The House of Representatives has summoned the Nigeria Copyright Commission (NCC) to develop means to protect the music rights of late singer, Ilerioluwa Aloba, also known as Mohbad.
This resolution was a sequel to a motion of urgent public importance moved by Babajimi Benson (APC, Lagos), on Tuesday.
Mohbad, 27, passed away on 12 September and was buried the following day in Ikorodu, Lagos State. However, following public outrage, the police exhumed his body for autopsy in the course of investigation into his death.
Moving the motion, Mr Benson said young people in Nigeria are still seeking to know the cause of the death of the superstar.
He explained that the lawmakers need to monitor the ongoing investigation in order to protect the legacy of the late music star.
The rep said it was evident that Mohbad’s fans were struggling to come to terms with his untimely demise, adding that Mohbad also known as Imole, “light” in Yoruba, was an artist who sang of peace and light.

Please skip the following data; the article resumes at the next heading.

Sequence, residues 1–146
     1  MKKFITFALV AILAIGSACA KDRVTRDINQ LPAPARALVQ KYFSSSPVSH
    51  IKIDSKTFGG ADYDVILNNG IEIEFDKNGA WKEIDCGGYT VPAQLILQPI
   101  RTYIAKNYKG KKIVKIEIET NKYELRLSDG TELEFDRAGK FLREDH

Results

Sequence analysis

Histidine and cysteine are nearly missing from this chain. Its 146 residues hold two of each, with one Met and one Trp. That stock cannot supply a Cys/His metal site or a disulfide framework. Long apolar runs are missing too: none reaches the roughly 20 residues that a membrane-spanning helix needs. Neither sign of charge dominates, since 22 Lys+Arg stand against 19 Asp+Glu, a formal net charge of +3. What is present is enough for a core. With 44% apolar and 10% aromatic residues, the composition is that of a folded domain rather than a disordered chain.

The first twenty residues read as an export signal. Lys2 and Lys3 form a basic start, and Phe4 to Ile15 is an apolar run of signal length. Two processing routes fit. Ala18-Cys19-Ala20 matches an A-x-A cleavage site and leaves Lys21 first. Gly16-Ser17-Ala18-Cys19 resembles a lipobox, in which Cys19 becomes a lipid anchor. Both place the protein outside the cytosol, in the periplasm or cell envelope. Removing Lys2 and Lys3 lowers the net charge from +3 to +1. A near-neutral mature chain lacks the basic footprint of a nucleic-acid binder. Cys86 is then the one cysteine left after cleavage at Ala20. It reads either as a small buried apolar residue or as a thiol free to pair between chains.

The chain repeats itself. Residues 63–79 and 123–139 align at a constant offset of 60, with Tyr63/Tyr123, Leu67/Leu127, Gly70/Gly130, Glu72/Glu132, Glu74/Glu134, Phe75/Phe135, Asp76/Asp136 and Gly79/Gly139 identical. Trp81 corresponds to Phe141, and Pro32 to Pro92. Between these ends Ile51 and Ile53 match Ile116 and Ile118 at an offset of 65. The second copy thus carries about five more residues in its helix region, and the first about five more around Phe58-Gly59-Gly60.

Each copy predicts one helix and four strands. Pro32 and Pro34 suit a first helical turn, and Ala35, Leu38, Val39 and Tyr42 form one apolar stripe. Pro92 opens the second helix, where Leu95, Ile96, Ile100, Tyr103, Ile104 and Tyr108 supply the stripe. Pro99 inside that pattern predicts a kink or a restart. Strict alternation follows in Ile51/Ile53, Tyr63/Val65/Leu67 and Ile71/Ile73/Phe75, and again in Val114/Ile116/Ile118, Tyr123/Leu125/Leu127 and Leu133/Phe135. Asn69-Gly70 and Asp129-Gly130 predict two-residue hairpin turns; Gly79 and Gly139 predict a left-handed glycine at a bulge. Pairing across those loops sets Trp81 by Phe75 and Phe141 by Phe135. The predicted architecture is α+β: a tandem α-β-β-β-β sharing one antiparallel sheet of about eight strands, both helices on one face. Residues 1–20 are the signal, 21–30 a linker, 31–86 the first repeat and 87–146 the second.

He further said Mohbad left his record label, Marlian Records, owned by Azeez Fashola (Naira Marley) in 2022, citing various grievances, including unpaid royalties.
“Mohbad left his record label, Marlian Records, owned by Azeez Fashola (Naira Marley), in 2022, citing various grievances, including unpaid royalties. This issue is indicative of a broader problem in which artists encounter challenges asserting their rights.
“Most of the proceeds of the late artist are still going to the Marlian Music Group, and there have been no moves from any agency to protect the Estate of the late singer who is currently the 46th best-selling digital artiste in the world,” he said.
“A disturbing industry practice has come to the fore. Evidence of mistreatment highlights the struggles of young artists who, in their quest for success, become entangled in parasitic contracts and face bullying when they seek to exit these agreements,” he said.
Consequently, the House resolved that the Nigeria Copyright Commission (NCC) must put measures in place immediately to protect his rights.